“Having a classroom that is bright, cheerful, organized and inviting allows my students to feel pride in their classroom as well as feel welcome. My students look forward to standing on the stage to share or sitting on special chairs to dive into their learning. This space is a safe place for my students and we take pride in what it has become.”

Jasmine, Pre-K, Las Vegas, Nevada
“My classroom environment helps my students because providing calming colors and a home-like space makes them feel more comfortable in the classroom and ready to learn as first-time students!”

 

Oneika Osborne, 10th Grade Reading, Miami Southridge Senior High School, Miami, Florida
“My classroom environment invites all of my students to constantly be in a state of celebration and self-empowerment at all points of the learning process. With inspirational quotes, culturally relevant images, and an explosion of color, my classroom sets the tone for the day every single day as soon as we walk in. It is one of optimism, power, and of course glitter.”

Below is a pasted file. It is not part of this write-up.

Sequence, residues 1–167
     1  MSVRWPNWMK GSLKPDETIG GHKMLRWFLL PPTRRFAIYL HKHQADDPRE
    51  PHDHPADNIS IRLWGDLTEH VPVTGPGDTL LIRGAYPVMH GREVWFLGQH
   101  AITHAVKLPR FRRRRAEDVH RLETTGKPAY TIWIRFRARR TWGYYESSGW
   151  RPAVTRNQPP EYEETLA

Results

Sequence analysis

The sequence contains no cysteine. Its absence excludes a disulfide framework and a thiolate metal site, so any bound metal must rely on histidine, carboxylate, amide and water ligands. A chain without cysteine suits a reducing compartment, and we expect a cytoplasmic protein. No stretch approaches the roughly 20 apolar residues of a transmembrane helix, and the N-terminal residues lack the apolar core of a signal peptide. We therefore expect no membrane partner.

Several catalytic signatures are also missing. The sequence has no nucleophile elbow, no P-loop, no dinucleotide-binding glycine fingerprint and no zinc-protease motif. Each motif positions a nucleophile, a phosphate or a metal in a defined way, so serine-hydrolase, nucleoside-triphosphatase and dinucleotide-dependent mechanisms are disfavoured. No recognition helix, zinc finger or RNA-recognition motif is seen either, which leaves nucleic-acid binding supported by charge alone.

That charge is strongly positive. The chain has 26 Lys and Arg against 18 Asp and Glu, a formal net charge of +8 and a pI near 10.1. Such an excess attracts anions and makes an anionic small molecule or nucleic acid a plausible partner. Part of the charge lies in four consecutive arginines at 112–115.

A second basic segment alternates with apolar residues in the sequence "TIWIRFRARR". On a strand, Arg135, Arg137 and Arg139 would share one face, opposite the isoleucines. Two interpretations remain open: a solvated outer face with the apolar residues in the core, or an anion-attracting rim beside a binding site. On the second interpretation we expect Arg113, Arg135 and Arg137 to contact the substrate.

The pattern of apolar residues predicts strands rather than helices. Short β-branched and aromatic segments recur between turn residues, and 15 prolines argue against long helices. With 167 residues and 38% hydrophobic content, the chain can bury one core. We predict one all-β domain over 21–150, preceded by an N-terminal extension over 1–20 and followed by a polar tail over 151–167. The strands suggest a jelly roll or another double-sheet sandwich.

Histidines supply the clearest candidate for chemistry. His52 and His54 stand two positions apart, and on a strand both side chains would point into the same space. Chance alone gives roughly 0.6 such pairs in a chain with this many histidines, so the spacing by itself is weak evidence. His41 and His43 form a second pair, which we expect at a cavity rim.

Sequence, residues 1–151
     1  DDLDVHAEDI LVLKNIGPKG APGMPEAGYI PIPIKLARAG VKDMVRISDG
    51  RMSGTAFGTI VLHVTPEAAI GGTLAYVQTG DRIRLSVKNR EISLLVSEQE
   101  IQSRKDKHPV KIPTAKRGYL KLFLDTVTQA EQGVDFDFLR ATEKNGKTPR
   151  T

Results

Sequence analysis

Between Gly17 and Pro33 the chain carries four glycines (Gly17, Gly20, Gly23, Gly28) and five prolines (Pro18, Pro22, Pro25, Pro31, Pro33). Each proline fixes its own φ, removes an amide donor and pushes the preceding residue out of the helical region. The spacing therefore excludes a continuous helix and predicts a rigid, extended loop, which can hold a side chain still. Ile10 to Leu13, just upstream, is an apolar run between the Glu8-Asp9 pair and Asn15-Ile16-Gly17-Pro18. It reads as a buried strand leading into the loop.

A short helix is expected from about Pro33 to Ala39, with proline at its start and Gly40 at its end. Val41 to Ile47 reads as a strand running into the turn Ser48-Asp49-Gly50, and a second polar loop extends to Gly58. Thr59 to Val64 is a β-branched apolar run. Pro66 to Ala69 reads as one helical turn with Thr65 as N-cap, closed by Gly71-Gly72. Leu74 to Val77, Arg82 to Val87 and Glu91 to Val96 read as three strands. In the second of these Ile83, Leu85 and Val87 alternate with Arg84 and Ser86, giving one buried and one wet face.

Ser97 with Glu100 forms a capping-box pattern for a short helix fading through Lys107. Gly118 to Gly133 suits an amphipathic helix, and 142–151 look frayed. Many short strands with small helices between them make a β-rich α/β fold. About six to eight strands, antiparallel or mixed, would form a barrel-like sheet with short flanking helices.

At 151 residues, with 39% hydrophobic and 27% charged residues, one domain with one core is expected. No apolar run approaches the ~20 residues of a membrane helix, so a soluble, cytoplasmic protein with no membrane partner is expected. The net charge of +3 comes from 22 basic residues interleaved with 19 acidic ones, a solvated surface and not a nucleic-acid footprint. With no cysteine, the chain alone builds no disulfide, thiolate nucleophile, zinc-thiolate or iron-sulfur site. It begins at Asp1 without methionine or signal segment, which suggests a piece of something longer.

Kristen Poindexter, Kindergarten, Spring Mill Elementary School, Indianapolis, Indiana
“I try very hard to make my classroom a place where memorable experiences happen. I use songs, finger plays, movement, and interactive activities to help cement concepts in their minds. It makes my teacher heart so happy when past students walk by my classroom and start their sentence with, “Remember when we…?”. We recently transformed our classroom into a Mad Science Lab where we investigated more about our 5 Senses.”